Correspondence| Volume 20, ISSUE 4, P370-372, October 2011

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Ultrasound guided epidural analgesia for labor in a patient with an intrathecal baclofen pump

Published:August 16, 2011DOI:
      With increasing popularity of intrathecal drug delivery systems such as baclofen and opioids for management of chronic pain conditions, it is not uncommon for an obstetric anesthesiologist to encounter such a patient in the labor and delivery suite. A 44-year-old G1P0 female (177 cm, 88 kg) with left spastic hemiplegia and central post-stroke pain syndrome presented at the pre-anesthesia evaluation clinic to discuss her anesthesia options for labor and delivery. Past medical history included a middle cerebral artery infarct due to an embolus from a patent foramen ovale. An intrathecal baclofen pump (ITBP) was implanted to control the residual left-sided spasticity and neurological pain. An abdominal radiograph showed a subcutaneous infusion pump over the right lower abdominal quadrant with tubing coiling posterior to the L2–3 spinous processes, entering the spinal canal between L3-4 spinous processes and terminating caudal to T8–9 interspace (Fig. 1). The neurosurgeon who placed the ITBP was consulted. Labor epidural insertion was planned early in labor. Ultrasonography of lumbar spine (transverse and longitudinal views) was used to determine epidural depth and to ensure the pump catheter was not in the pathway of Tuohy needle placement. After successful epidural placement on the first attempt, a patient-controlled epidural analgesia (PCEA) infusion of local anesthetic and opioid was started in active labor. Labor progressed normally and she was satisfied with her analgesia.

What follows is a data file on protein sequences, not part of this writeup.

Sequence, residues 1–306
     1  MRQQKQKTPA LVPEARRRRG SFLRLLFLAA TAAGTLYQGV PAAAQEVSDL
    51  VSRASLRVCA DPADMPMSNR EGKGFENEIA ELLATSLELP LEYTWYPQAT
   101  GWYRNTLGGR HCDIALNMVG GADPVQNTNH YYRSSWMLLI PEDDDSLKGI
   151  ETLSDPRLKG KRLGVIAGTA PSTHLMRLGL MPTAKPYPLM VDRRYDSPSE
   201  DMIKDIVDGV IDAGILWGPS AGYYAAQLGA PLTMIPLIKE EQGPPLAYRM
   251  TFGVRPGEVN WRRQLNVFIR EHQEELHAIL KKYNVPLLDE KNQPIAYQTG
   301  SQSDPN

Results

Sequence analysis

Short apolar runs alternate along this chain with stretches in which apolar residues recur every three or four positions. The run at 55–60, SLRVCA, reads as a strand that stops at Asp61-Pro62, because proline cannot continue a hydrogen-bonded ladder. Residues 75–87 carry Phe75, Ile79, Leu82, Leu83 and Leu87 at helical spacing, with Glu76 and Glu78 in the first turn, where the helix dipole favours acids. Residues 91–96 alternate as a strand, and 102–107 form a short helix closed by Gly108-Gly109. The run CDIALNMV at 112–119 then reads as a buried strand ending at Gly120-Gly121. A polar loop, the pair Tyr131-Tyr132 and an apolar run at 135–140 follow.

Figure thumbnail gr1
      Fig. 1Abdominal radiograph showing baclofen pump and the catheter.
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